First released in Rolex’s 1950s Golden Age, the Milgauss appeared around the same time as the Submariner, the Day-Date and the GMT-Master. Up against legendary names like that, the watch built specifically for scientists struggled to find its place in the spotlight. It, like the Explorer which also debuted in the 50s, has long remained in the shadows of its illustrious companions.
While many of Rolex’s biggest hitters have gone on to emerge in various precious metals and with gemstone enhancements on dials and bezels, the Milgauss is the watch that has stayed truest to its tool-like origins.
Today, it is that exact quality that has given the Milgauss a cult status among collectors, and vintage examples are becoming increasingly sought after.
Like others in Rolex’s professional collection, the Milgauss was originally designed to satisfy a pressing need. The major advances made across the scientific, medical and engineering fields in the mid-20thcentury gave rise to never-before-seen equipment, which brought with them a new kind of problem; electromagnetic fields. The delicate internal components of mechanical watches could be warped and damaged by forces as low as 50-100 gauss, about the strength of a refrigerator magnet.
Rolex’s solution was to shroud the movement in the Milgauss inside a soft iron Faraday cage, which redirected the magnetic energy away from the caliber. The first model, the ref. 6543 released in 1956, was found to be able to resist fields of up to 1,000 gauss, leading to its name (millebeing the French word for 1,000).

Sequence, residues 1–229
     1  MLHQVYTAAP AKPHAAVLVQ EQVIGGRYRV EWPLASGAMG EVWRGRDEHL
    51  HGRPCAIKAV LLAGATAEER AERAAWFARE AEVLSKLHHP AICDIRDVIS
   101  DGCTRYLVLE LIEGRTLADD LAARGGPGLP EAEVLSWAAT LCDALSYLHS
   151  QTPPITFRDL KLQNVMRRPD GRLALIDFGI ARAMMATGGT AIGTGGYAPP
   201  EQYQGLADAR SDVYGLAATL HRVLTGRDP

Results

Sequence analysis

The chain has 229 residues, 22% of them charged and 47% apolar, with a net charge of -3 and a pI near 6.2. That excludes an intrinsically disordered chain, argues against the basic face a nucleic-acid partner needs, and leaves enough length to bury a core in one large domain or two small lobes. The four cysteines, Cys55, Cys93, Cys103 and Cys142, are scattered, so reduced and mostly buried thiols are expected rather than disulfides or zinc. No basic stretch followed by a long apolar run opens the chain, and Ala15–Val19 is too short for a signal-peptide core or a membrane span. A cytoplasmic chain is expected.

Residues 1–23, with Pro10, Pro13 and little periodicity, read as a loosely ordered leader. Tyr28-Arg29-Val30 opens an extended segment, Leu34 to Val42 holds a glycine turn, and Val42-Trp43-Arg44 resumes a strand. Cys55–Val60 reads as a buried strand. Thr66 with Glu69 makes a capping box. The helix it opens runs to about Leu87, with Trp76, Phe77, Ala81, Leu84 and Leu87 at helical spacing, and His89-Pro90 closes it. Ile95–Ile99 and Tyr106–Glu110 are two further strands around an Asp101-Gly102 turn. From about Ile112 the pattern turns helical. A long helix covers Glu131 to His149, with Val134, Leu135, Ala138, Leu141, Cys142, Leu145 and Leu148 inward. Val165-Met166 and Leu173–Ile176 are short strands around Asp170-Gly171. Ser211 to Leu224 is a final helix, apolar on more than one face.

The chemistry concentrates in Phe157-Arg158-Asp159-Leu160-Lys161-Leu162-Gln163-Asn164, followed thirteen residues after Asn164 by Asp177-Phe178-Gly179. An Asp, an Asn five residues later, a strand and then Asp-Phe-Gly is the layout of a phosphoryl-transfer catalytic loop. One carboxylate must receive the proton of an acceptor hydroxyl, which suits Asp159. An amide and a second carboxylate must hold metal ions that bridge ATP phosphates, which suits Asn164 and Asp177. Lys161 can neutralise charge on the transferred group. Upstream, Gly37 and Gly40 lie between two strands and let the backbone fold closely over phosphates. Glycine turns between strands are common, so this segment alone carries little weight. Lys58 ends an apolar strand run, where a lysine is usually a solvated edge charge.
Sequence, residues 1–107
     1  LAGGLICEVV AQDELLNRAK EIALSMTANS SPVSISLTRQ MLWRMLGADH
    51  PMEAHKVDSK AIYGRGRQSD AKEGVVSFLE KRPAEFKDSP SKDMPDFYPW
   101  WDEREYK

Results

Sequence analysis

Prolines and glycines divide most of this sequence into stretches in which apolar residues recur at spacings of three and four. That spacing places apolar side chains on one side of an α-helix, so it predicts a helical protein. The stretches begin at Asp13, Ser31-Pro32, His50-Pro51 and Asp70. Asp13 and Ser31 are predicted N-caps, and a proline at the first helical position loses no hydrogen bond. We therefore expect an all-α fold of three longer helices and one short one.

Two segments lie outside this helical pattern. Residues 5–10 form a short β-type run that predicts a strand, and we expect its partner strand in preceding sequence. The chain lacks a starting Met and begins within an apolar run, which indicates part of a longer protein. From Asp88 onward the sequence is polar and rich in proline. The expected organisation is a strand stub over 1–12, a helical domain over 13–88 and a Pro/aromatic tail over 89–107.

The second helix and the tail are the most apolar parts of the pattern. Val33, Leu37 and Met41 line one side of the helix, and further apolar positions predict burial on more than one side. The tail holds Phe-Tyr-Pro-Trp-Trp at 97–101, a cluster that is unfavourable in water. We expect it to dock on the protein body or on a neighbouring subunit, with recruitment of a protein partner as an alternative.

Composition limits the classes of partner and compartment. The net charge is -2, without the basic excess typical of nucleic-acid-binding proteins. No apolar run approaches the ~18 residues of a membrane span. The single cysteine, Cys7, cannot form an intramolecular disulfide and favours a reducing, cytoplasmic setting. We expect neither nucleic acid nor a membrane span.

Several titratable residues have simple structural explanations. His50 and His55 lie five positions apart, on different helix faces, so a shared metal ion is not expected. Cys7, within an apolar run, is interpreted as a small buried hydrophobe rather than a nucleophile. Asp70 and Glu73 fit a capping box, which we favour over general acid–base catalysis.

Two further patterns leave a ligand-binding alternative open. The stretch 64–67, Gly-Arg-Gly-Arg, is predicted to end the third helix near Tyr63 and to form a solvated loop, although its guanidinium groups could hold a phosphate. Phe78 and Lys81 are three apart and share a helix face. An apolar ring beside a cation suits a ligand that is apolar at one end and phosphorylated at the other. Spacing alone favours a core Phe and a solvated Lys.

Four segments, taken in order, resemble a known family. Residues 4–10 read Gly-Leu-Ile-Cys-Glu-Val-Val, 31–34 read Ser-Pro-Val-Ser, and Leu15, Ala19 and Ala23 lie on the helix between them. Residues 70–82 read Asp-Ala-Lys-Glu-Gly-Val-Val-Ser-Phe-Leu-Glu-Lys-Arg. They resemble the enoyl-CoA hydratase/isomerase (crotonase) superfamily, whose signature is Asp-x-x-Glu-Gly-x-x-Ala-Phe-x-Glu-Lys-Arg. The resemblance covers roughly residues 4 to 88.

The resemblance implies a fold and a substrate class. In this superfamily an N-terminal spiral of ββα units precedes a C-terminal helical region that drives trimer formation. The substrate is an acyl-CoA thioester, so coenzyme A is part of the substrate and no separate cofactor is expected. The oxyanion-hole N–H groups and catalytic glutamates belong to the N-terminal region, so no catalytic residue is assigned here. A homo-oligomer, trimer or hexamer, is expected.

Only around 150 examples of the 6543 were made before it was replaced by the nearly identical follow-up ref. 6541 the same year, both watches bearing an uncanny likeness to the Submariner which debuted in 1954.
Each had a black rotating bezel and a black matte dial like the dive watch, except the Milgauss had a metallic honeycomb mesh across its face which acted as a further magnetic shield.
In addition, the second generation was given a small design flourish which has come to symbolize the watch; a lightning-bolt style seconds hand.
In 1960, the Milgauss changed dramatically. Rolex released the third iteration, the ref. 1019, which did away with the Submariner aesthetic and gave the watch its own identity.
For the first time, wearers could choose between two dial colors; either black or silver, neither of which carried over the honeycomb design. The turnable bezel was replaced with a fixed, smooth surround and the distinctive jagged seconds hand was swapped for a more familiar straight one, topped with a red arrowhead.
The caliber changed too. The first two models had been powered by the Cal. 1080, the antimagnetic version of the in-house Cal. 1030. For the new piece, Rolex gave the Milgauss its new Cal. 1580, which upped the balance frequency from 18,000vph to 19,800vph as well as introducing a hacking seconds function.
The ref. 1019 went unchanged for an incredible 28 years, before the model was discontinued completely in 1988.
Much to everyone’s surprise, the Milgauss was rereleased in 2007 following a near 20-year absence. Its return was timed to coincide with the completion of CERN’s Large Hadron Collider,the world’s highest energy particle accelerator.
It launched in three versions; a black and a white dial model, both under a clear sapphire crystal, along with a second black dialed piece with a revolutionary new type of covering. This last, the ref. 116400GV (standing for Glace Verte) had a crystal tinted a delicate green, using a process so complex that Rolex hasn’t bothered to patent it.